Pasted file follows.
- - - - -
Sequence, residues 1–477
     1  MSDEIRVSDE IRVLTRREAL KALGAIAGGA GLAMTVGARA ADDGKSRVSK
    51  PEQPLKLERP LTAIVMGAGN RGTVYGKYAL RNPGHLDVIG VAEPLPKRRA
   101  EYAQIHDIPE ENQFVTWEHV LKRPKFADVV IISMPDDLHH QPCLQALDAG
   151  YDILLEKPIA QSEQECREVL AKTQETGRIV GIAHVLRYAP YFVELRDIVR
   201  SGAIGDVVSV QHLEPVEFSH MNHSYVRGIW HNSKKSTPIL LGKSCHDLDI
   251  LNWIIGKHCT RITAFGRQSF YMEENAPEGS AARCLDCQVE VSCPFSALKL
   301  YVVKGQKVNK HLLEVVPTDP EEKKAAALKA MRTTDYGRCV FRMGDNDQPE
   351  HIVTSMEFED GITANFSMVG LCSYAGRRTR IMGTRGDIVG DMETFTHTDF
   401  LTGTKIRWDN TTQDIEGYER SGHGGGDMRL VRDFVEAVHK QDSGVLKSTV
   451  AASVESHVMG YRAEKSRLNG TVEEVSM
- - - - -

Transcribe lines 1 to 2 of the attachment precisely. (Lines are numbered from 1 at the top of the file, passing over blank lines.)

Sequence, residues 1–477
     1  MSDEIRVSDE IRVLTRREAL KALGAIAGGA GLAMTVGARA ADDGKSRVSK